This year will be the 9th annual World Hepatitis Day – taking place on 28 July, on the same date as the birthday of Nobel Laureate Professor Blumberg who discovered Hepatitis B.
The whole point of the day is to encourage people to find out the facts about Hepatitis A, Hepatitis B and Hepatitis C – and by doing this help decrease the stigmas attached to the viruses.
So what is Hepatitis C? Well the infection is transferred through the blood and damages the liver and its ability to carry out essential functions for your body.
It can also affect other parts of the body including the immune system, digestive system and the brain. Around 130-170 million people on the planet have it.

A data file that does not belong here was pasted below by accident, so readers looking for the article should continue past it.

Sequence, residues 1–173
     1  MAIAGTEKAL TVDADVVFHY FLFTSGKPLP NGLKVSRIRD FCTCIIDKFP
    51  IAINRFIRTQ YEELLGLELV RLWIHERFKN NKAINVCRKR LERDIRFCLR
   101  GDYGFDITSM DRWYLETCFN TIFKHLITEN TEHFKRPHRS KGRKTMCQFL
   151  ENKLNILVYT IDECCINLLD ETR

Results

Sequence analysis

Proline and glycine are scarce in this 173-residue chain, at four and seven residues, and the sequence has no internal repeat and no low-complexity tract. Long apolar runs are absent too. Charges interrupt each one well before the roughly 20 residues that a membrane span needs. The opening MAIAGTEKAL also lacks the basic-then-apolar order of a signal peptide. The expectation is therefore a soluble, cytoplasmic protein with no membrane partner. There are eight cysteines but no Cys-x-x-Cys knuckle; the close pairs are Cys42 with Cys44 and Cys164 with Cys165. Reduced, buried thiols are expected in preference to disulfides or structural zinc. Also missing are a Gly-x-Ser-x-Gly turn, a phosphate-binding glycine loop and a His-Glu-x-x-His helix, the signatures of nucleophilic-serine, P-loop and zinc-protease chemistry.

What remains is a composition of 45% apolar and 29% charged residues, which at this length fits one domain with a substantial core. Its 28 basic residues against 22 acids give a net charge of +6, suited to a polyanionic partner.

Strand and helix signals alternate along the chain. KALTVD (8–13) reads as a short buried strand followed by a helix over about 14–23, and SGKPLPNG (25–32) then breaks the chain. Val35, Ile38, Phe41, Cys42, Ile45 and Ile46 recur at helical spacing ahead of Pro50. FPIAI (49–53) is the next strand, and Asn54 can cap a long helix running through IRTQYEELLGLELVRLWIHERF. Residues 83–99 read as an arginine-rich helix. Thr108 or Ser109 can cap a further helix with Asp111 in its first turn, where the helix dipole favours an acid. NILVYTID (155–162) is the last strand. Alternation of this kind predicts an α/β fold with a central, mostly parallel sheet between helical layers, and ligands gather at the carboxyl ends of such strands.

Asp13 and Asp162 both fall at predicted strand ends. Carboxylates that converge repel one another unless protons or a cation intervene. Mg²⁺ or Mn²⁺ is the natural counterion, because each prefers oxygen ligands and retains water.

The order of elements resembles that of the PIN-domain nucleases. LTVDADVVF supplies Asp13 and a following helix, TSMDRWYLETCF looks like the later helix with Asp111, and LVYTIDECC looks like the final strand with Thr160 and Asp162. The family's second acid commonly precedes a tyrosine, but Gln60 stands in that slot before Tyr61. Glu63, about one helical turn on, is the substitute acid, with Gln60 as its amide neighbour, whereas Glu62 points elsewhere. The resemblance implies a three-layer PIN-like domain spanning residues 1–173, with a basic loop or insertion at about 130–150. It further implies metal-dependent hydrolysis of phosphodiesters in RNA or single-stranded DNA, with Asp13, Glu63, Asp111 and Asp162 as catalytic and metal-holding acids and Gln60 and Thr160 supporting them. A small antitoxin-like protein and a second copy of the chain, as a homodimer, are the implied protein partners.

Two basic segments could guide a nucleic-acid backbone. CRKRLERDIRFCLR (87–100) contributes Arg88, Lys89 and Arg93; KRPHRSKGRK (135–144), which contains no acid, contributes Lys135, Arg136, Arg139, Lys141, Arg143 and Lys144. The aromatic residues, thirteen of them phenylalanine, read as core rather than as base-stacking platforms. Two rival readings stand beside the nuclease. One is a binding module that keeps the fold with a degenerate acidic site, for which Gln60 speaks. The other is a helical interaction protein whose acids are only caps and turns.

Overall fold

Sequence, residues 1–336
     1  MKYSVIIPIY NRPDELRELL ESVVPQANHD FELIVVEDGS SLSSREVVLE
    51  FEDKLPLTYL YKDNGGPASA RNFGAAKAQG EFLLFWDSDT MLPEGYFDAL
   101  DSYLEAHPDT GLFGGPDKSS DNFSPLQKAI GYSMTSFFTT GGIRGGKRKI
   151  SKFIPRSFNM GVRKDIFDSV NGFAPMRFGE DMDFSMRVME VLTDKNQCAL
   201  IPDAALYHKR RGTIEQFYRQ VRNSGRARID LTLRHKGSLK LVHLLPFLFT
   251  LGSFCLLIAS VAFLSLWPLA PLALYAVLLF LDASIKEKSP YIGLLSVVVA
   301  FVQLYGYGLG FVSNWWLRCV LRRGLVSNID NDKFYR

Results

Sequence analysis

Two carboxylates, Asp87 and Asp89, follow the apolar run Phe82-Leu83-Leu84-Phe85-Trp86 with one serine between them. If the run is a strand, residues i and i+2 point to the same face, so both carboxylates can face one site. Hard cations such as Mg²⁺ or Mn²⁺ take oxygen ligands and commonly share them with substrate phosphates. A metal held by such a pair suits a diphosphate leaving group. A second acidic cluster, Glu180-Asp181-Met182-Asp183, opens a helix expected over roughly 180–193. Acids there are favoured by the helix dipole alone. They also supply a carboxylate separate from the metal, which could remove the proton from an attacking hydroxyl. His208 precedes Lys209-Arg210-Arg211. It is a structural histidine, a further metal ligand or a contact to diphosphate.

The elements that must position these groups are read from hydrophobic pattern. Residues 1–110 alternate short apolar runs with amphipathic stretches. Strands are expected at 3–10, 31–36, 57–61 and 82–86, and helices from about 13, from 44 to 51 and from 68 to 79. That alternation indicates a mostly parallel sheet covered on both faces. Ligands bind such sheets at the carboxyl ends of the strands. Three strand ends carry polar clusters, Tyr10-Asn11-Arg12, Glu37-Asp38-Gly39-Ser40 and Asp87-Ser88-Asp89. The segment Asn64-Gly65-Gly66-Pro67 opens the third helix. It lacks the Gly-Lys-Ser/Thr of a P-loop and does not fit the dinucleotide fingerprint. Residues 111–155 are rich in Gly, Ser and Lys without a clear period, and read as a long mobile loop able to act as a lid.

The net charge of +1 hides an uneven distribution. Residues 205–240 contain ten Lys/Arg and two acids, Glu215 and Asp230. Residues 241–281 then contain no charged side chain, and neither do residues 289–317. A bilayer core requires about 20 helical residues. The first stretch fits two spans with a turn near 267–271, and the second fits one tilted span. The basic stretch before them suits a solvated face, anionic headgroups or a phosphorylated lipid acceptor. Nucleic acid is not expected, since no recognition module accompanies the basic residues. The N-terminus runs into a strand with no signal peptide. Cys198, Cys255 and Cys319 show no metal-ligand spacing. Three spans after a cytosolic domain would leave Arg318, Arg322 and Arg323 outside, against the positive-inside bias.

Hepatitis C has been referred to as the ‘silent epidemic’. That’s because where some people will have symptoms straight away others could go up to ten years without knowing anything is wrong.
Thankfully drug treatments have been successful: 40%-50% success for genotype 1 and an even better 80% for genotype 2.
But there is still no vaccine and it’s important people are more in the know about exactly how dangerous hepatitis is and what it does.
If you have the virus, find out more about how you can care for yourself by visiting the Hepatitis C Trust website.